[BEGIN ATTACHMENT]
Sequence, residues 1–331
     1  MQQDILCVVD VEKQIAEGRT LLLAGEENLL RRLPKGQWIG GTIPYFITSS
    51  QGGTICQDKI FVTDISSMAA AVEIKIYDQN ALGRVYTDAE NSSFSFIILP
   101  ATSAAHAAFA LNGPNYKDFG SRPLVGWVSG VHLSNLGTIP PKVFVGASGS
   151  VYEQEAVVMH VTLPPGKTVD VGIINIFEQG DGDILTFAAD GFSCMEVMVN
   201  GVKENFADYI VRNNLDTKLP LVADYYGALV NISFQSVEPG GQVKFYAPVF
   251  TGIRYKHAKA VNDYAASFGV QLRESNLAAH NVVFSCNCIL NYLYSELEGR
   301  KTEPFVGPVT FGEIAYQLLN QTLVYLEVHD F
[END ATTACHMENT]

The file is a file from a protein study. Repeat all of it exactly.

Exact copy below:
Sequence, residues 1–331
     1  MQQDILCVVD VEKQIAEGRT LLLAGEENLL RRLPKGQWIG GTIPYFITSS
    51  QGGTICQDKI FVTDISSMAA AVEIKIYDQN ALGRVYTDAE NSSFSFIILP
   101  ATSAAHAAFA LNGPNYKDFG SRPLVGWVSG VHLSNLGTIP PKVFVGASGS
   151  VYEQEAVVMH VTLPPGKTVD VGIINIFEQG DGDILTFAAD GFSCMEVMVN
   201  GVKENFADYI VRNNLDTKLP LVADYYGALV NISFQSVEPG GQVKFYAPVF
   251  TGIRYKHAKA VNDYAASFGV QLRESNLAAH NVVFSCNCIL NYLYSELEGR
   301  KTEPFVGPVT FGEIAYQLLN QTLVYLEVHD F